Simultaneously, the ravaged financial situation of operators, caused by the drop in income as a result of the pandemic and subsequent reduction in economic activity worldwide, has put a strain on oil companies’ liquidity. This crisis is putting even more pressure on a situation that was already difficult before the drop in barrel prices, a clear result of the unstoppable transformation of the world energy paradigm, accelerating drops in demand for oil compared to previous stages.

This combination of effects has led to significant operations on both sides of the international insurance board:

On the side of insured parties, a significant reduction of the amounts insured for the lost profit guarantee, growing diversification of their activities (with the incorporation of renewable energy assets), and increased levels of self-insurance in the form of reduced compensation limits, increased deductibles, and retained risks.

On the insurer/reinsurer side, a sustained increase in the applied risk rates (according to the operator’s risk quality), limited coverages, and a significant reduction in the capacities offered until now. But, most of all, more focus on selection of risks according to their level of management and safety.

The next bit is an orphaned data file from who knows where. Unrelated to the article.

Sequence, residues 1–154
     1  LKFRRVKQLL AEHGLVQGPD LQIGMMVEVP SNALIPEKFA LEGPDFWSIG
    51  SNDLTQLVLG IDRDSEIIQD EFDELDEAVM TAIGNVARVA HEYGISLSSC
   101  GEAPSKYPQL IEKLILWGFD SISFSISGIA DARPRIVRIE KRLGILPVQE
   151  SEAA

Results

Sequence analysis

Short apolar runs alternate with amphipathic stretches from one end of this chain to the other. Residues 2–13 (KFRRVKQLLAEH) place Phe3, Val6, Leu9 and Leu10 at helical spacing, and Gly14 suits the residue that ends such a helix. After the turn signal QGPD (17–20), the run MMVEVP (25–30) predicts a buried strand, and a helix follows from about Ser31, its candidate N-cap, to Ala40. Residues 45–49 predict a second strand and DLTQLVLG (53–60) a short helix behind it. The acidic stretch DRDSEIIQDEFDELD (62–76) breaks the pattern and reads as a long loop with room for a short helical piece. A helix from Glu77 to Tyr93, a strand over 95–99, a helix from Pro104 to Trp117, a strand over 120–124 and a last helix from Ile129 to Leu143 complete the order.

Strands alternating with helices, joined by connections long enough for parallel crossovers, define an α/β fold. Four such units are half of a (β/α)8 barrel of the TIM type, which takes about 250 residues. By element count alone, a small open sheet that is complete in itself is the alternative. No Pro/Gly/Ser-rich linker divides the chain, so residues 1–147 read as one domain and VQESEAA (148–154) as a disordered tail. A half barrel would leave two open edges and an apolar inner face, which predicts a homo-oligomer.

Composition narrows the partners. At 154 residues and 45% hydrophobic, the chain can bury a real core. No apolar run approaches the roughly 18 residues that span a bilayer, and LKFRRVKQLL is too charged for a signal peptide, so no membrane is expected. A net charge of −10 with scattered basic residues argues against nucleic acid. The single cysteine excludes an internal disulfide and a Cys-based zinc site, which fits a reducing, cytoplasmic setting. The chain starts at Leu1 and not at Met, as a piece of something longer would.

These two trajectories will tend towards a balance point that guarantees a sustainable insurance business and a sufficient level of attraction to continue transferring a significant part of the risks from the oil operators to the insurance industry. No one is free from this industrial activity’s exposure to a high level of intrinsic conventional risk, and even CAT in certain areas, combined with estimated situations of potential “multibillion” losses.

Only the businesses that prioritize a clearly committed, resolute strategy and risk management, based on sufficient, constant evaluation and monitoring, will see an attractive response from the insurance market.

The role of Risk Engineering, as an added value service, has been confirmed as a key component in helping operators to improve their assets’ safety. A highly specialized activity that requires committed, well coordinated work between the insured party, the broker, and the insurance company to jointly achieve the result desired by all parties: efficient minimization of risks.

Everything mentioned above, together with an essential adjustment of costs by every party involved, and a commitment in the medium and long term that provides sufficient time to react for everyone who continues trusting in the sustainability of this global strategic sector.

César López

César is an Agricultural Engineer graduated from the Technical University of Madrid (UPM), certified in Environmental Engineering by the EOI (Professional Association of Engineers) with a Master’s degree in Comprehensive Security from the UPM and an Executive MBA from IE. He has more than 30 years of experience in Risk Management, Security Engineering, and underwriting industrial risks 

 For the past 19 years, he has worked for MAPFRE Group at both the national and international level. First, as the ITSEMAP operations manager until 2014, and then as the Engineering Area Manager for MAPFRE GLOBAL RISKS. Since January 2020, he has been the supervisor of the Oil and Gas business for the MAPFRE Global Risks Unit and leads a multinational team of specialist underwriters based in Madrid and London.